William Rufus

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Related to William Rufus: Henry I, William the Conqueror

William Rufus:

see William IIWilliam II
or William Rufus
, d. 1100, king of England (1087–1100), son and successor of William I. He was called William Rufus or William the Red because of his ruddy complexion.
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, king of England.
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References in periodicals archive ?
the Michael Field dramas, William Rufus and Brutus Ultor, and the
It was written, for instance, in a charter of Lewes Monastery that William the Conqueror, not William Rufus, created William de Warren first earl of Surrey; Thomas Walsingham wrote that Henry de Lacy was earl of Salisbury as well as Lincoln; records in Walden Monastery indicate Geoffrey de Mandeville was lord of the honor of Walden.
Robert Grierson, William Rufus Foote and Duncan McRae were appointed.
The exclusionary rule was an early 20th century invention, and its author, Supreme Court Justice William Rufus Day, was a political and diplomatic strategist who acted with exceptional courage to create the rule--one that differed greatly from that which is vilified today.
Sources: Freeman, Edward A., The Reign of William Rufus and the Accession of Henry I.
William Rufus King and <IR> NATHANIEL HAWTHORNE </IR> both wrote campaign biographies of Pierce in 1852.
The current landmark dates back to 1097 when William Rufus laid the foundation stone for Westminster Hall.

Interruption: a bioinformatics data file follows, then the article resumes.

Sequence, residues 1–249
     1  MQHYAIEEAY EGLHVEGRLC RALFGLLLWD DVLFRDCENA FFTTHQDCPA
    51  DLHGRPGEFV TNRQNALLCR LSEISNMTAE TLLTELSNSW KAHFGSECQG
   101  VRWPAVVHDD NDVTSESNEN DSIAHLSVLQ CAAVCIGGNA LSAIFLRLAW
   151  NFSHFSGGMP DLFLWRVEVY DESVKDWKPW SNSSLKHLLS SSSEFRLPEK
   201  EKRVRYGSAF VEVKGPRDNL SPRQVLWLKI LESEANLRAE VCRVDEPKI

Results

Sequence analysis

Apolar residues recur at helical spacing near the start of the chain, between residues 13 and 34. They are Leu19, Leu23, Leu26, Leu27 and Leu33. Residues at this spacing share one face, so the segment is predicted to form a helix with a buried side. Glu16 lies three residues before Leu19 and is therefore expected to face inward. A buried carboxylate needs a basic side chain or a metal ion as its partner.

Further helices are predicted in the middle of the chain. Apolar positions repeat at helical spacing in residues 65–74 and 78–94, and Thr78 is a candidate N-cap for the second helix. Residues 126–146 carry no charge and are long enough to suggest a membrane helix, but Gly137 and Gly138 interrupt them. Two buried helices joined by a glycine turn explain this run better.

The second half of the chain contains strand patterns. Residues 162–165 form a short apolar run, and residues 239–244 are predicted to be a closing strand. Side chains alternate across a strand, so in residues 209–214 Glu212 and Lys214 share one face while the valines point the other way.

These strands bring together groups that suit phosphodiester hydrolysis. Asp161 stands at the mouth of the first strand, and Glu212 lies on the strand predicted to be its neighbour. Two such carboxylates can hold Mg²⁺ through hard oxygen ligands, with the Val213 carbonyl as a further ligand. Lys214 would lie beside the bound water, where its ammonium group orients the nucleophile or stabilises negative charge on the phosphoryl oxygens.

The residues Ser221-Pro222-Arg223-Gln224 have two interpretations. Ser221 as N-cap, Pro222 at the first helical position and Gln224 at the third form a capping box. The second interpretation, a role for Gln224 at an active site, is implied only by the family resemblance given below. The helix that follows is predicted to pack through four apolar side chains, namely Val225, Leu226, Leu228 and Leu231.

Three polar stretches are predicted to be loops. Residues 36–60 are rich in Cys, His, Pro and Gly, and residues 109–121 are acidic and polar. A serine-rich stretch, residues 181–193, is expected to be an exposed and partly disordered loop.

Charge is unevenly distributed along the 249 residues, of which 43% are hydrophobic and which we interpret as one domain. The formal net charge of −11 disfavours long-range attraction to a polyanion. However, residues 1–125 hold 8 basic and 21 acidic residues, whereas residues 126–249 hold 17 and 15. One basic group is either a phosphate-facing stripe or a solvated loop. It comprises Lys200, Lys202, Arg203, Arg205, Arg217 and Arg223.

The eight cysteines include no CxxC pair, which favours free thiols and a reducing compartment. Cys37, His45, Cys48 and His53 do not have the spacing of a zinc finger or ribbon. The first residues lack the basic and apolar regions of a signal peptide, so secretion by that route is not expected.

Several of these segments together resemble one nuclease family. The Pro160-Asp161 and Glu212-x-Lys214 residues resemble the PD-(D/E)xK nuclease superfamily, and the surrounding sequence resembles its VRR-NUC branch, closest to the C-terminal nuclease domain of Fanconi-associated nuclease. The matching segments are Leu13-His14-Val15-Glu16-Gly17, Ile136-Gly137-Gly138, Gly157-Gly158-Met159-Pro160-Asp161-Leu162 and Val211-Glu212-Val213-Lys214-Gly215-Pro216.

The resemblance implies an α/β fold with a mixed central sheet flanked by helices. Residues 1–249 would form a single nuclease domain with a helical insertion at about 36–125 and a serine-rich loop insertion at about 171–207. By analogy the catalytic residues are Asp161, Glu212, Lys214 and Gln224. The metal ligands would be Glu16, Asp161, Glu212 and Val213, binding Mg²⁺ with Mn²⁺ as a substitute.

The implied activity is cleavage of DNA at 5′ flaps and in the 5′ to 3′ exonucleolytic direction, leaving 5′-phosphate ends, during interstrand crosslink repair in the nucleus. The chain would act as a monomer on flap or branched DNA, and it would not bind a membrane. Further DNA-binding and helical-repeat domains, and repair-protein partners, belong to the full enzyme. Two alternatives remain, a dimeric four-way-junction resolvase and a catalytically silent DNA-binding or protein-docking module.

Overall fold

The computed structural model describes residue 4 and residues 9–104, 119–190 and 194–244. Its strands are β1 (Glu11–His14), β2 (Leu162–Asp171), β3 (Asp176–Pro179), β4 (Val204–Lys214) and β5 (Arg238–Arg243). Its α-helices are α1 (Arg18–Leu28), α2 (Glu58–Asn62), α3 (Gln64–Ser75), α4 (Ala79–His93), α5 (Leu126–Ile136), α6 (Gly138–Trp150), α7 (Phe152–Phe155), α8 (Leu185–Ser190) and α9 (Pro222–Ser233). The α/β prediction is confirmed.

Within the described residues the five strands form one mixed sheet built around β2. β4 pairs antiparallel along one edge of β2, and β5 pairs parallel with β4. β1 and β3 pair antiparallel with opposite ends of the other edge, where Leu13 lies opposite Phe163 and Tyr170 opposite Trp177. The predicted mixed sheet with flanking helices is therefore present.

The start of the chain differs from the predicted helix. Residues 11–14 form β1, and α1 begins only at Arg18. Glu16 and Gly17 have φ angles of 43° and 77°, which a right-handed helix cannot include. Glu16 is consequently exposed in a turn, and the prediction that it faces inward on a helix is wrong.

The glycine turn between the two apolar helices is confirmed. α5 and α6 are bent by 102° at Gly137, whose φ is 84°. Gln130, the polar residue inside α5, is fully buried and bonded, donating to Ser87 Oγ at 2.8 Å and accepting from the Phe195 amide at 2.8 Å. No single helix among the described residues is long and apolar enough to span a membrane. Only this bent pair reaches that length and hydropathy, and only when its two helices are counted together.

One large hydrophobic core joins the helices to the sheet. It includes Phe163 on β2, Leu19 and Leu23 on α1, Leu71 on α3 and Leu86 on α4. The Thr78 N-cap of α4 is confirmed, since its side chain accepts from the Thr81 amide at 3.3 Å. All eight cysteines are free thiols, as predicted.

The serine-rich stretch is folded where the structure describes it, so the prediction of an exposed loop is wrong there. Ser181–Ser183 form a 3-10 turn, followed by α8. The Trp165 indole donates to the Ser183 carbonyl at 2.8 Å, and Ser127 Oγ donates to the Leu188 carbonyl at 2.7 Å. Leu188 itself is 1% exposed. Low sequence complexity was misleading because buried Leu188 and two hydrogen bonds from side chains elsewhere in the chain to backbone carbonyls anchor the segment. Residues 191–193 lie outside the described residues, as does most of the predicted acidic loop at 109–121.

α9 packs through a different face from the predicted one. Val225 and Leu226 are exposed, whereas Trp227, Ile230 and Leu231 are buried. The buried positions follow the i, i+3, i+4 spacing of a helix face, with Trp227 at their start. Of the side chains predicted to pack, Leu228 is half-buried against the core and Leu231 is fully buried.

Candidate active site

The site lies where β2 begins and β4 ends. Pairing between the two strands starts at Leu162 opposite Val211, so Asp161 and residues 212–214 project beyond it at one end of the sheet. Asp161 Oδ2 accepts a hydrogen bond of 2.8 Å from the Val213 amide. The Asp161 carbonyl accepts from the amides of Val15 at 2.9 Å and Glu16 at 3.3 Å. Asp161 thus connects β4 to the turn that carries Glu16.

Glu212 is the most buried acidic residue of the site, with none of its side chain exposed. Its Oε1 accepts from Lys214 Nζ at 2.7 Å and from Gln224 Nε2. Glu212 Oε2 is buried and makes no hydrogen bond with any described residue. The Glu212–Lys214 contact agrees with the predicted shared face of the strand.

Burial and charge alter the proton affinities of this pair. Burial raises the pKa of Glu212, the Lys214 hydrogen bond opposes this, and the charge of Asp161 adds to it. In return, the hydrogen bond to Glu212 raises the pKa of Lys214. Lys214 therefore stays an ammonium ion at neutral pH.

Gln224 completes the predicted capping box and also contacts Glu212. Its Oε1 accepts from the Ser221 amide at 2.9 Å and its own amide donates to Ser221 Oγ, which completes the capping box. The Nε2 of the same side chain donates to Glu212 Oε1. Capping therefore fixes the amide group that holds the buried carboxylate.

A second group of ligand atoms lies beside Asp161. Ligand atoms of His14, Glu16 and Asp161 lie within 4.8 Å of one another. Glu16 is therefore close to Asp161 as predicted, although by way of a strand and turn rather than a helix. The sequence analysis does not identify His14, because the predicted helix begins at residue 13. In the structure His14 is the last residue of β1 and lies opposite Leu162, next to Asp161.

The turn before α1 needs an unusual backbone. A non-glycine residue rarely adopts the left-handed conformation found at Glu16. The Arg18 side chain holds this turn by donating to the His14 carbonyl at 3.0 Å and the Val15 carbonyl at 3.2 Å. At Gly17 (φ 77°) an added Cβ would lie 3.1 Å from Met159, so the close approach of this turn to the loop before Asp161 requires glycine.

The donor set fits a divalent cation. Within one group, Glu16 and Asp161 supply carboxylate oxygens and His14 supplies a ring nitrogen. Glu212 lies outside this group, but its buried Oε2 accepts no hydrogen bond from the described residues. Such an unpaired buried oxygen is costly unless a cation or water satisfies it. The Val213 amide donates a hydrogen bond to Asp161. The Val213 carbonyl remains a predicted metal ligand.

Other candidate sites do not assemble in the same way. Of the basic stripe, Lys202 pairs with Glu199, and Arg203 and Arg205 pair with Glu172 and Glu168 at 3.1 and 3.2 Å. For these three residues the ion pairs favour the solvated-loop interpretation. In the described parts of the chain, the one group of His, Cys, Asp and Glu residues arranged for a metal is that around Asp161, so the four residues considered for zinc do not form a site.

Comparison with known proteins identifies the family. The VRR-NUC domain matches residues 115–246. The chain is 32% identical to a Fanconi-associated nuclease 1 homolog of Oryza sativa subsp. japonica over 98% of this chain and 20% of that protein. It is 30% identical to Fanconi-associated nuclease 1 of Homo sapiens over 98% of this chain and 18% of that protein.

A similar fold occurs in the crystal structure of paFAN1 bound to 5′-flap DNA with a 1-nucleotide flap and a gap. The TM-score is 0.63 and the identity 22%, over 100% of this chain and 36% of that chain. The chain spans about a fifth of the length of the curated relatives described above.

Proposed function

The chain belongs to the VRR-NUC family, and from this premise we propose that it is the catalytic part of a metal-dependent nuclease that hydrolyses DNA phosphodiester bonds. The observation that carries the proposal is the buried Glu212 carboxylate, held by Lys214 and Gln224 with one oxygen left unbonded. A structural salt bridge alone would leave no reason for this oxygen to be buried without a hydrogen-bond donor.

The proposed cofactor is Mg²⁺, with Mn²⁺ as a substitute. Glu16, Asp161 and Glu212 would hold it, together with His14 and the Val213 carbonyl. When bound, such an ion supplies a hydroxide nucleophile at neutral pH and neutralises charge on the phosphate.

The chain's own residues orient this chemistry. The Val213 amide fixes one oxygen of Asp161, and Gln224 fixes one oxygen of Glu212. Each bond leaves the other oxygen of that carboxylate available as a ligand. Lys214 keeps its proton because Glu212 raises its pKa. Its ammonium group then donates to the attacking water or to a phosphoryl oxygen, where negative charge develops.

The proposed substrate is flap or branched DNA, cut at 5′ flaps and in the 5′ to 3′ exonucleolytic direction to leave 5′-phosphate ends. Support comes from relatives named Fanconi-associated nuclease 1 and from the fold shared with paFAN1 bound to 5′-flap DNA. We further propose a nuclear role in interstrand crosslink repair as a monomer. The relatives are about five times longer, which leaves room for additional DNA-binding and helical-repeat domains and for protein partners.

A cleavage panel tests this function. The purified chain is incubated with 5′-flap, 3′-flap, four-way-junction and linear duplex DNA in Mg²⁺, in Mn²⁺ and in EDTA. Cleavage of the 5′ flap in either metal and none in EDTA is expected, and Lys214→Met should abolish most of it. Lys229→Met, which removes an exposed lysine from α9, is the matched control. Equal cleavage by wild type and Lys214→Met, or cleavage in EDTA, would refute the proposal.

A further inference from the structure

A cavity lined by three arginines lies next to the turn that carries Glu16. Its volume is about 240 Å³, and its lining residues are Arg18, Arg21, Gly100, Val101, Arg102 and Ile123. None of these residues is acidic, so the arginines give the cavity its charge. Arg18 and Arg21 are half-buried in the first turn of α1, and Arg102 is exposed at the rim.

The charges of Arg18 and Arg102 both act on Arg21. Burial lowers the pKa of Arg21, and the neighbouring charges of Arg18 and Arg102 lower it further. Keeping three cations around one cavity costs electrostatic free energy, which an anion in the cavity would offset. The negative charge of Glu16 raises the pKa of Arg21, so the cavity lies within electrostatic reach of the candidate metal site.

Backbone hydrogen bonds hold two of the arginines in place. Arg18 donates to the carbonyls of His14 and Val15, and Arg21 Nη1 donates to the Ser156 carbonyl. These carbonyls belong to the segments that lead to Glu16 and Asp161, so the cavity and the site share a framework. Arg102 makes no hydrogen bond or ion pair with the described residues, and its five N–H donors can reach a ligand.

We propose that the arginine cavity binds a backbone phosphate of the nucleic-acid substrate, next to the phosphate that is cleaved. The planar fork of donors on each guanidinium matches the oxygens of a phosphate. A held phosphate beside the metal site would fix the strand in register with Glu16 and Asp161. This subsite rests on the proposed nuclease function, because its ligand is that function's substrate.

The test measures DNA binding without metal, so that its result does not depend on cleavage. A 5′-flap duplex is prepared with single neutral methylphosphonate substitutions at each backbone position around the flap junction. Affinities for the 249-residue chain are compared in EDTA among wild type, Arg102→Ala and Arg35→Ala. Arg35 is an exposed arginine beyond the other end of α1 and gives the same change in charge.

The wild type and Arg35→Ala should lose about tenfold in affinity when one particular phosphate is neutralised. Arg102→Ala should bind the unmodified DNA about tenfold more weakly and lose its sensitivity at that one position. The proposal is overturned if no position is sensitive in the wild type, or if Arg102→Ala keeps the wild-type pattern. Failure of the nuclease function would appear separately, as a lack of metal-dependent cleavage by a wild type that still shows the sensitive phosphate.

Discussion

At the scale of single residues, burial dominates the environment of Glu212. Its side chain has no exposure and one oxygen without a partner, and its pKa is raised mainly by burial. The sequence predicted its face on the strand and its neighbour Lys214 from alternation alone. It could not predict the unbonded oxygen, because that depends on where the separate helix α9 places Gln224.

The coffin long thought to contain William Rufus, a hated king who was killed by an arrow through the chest, might actually hold someone else.
It embroiled him in years of dispute with two successive English kings, William Rufus and Henry I, largely over the question of how far he and other prelates and abbots owed obedience to the king rather than to the pope.
Exploring other personal networks of influence and learning, Rega Wood challenges recent scholarship suggesting that William Rufus in the thirteenth century rejected the argument in Anselm's Proslogion for the existence of God and the neoplatonic tradition.
King County in Washington realigned itself in 1986, tossing out its early namesake, slaveholder William Rufus DeVane King in favor of the Rev.
The house is said to have been named for the adjoining ruins of Lyonshall Castle, which was built by William Rufus and demolished in 1307 during the reign of Edward II when the town of Lyonshall itself was destroyed by fire.